All of this is just things to think about, and I really hope it make some sense! I love trying to think things out in weather like a puzzle... Each piece helps you complete a picture of what's truly going on in the atmosphere... It's just like the model biases/errors... I'm able to piece things together to paint a fairly complete/accurate picture of what is really going on, because I understand how each piece relates to each other... Whether it's a teleconnection, a model bias, a forecasting tip, etc, all these pieces are unique and important! It's key as a forecaster to CORRECTLY piece everything you have together in a logical way if want to start painting the most complete/accurate picture of the atmosphere possible... Experience will lead you to more pieces of the puzzle and the ability to logically put them together, as you can't just force the pieces together! It may not always be perfectly clear, but I promise if you keep forecasting everyday, learning as much as you can, the picture you paint will be a lot clearer than most!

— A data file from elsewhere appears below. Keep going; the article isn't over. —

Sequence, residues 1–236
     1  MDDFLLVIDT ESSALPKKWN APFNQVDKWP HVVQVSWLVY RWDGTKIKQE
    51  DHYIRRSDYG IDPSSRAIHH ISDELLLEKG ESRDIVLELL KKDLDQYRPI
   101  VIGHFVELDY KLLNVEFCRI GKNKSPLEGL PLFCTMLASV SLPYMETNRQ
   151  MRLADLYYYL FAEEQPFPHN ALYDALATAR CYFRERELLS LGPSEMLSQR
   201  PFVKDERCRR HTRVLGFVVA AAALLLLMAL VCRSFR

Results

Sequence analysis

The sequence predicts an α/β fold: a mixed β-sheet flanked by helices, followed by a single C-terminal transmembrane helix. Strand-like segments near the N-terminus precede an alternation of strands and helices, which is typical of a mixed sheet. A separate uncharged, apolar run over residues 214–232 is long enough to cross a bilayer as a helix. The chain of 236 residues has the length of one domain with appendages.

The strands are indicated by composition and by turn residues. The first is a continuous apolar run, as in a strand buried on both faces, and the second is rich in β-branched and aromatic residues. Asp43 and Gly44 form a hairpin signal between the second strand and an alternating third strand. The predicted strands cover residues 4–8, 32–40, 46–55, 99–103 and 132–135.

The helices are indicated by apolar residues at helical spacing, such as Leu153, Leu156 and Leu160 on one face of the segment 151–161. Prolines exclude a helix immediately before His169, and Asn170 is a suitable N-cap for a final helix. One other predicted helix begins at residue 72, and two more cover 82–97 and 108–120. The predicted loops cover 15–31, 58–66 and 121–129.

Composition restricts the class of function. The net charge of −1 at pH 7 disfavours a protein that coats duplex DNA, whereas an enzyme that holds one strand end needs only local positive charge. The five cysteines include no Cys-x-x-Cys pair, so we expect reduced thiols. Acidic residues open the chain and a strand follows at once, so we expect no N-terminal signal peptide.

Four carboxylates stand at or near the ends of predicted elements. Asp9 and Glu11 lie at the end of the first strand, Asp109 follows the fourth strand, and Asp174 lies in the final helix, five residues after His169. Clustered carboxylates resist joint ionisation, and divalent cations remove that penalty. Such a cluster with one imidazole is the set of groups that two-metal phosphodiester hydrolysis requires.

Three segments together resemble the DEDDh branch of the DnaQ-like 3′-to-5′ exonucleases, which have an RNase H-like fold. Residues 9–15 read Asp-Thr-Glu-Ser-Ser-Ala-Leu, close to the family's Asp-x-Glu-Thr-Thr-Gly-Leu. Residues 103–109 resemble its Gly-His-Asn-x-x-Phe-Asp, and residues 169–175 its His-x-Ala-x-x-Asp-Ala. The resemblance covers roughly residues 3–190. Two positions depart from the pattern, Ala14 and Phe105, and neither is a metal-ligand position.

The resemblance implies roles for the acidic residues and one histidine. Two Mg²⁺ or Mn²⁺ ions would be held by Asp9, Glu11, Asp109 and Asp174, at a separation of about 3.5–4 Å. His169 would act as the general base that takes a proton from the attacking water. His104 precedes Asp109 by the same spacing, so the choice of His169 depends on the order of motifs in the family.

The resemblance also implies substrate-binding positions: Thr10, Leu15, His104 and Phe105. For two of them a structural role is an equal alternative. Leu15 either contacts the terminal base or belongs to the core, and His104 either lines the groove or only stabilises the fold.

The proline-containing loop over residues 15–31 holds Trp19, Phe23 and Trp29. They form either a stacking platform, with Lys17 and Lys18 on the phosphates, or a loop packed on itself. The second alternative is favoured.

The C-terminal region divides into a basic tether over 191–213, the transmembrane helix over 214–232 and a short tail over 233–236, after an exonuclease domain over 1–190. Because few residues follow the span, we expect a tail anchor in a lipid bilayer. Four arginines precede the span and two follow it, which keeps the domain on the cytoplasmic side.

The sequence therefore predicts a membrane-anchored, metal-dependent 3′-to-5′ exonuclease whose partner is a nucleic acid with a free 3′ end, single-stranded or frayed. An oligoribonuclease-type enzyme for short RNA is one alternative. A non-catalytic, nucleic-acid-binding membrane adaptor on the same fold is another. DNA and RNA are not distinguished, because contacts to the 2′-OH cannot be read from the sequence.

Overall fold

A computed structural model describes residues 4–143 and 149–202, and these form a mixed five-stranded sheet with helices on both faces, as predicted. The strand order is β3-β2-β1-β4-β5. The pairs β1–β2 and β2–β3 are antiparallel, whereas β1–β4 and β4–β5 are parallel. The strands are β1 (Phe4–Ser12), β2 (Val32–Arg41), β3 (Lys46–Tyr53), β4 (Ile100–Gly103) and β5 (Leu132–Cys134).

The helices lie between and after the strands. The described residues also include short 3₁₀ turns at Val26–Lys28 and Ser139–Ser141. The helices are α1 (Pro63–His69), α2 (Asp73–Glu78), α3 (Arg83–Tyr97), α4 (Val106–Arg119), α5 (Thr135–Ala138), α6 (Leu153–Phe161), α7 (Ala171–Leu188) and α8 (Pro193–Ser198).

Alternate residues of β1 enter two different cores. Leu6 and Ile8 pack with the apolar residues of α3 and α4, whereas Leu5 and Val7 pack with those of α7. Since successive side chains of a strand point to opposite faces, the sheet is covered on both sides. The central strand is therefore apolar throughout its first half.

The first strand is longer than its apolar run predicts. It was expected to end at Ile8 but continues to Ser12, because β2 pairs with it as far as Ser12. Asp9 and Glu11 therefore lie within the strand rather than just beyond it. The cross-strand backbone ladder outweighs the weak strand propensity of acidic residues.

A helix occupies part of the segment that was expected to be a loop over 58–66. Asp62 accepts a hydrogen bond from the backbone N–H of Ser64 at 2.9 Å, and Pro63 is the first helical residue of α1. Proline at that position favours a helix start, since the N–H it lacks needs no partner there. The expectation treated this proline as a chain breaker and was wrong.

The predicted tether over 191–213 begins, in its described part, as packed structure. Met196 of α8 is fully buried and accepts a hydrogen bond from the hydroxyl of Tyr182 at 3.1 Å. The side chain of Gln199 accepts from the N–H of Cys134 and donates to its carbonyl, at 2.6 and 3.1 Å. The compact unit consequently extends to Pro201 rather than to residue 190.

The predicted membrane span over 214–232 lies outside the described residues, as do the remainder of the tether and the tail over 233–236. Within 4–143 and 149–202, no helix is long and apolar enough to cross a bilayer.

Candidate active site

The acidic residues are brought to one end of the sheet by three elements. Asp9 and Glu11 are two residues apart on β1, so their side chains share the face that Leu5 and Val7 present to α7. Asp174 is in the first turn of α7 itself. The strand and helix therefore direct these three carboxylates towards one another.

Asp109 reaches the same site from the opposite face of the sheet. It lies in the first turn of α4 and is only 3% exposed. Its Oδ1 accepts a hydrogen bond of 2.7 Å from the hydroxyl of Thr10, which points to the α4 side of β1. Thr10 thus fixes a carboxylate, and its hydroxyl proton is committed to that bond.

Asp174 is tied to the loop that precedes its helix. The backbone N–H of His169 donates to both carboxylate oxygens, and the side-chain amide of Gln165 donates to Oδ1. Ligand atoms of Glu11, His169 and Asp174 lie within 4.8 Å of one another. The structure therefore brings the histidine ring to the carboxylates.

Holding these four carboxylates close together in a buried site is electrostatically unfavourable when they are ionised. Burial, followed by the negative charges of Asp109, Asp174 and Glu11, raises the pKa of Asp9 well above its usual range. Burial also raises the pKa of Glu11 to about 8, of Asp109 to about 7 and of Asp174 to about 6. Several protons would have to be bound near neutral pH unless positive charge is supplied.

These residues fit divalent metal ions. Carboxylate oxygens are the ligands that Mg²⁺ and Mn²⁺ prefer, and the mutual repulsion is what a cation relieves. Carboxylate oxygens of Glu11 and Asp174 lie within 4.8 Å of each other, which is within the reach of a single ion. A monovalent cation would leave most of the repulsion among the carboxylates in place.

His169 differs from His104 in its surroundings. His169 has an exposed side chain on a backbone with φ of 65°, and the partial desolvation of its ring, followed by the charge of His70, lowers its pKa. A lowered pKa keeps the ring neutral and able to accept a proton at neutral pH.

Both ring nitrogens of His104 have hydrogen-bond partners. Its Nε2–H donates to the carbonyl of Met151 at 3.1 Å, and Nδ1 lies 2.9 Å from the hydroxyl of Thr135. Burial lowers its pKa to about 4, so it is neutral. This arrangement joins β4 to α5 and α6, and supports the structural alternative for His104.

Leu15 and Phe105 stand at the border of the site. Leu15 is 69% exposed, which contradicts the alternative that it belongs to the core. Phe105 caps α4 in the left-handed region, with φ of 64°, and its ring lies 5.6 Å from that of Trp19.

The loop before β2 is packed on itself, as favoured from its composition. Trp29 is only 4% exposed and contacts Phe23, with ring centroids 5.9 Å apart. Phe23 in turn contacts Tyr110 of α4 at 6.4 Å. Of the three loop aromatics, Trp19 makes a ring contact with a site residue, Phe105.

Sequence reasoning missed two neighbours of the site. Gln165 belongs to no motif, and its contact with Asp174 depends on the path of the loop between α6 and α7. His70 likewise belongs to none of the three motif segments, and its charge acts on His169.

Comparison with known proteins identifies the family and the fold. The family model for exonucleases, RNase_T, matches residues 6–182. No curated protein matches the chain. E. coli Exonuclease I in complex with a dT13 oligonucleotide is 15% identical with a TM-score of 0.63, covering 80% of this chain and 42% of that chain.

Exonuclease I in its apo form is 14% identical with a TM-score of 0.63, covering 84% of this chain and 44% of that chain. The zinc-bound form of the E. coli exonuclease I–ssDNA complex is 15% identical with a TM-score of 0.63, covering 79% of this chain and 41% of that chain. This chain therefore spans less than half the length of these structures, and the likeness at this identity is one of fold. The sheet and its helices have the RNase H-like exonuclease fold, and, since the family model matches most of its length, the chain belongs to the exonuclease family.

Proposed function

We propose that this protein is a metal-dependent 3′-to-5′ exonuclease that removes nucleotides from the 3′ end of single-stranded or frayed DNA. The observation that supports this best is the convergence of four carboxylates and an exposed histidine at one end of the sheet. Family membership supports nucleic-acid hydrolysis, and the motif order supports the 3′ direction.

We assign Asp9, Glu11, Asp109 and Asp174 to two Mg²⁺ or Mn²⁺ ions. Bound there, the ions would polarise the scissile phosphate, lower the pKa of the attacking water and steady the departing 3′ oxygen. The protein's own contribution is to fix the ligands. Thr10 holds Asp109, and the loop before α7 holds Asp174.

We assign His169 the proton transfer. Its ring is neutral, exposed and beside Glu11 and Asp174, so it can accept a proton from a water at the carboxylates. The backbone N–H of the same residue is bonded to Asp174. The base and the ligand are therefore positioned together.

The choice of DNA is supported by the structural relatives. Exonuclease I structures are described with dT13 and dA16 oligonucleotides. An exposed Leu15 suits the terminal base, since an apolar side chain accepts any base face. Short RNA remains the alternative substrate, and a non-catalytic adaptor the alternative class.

1. This was a GREAT post, Greg! And good job - I think you deserve the grades you gave yourself. Interesting analysis at the end... and love the mention of NE Quad (haha) when referrig to the New England storm!

  2. Thanks Devin! It was nice to do well on the forecast! Trust me, I won't always do this well... Funny story with NE Quad... I came so close to naming my blog that a few years ago... I guess we think alike! haha... I'm glad you named your blog NE Quad though, you do a great job buddy! Keep it up!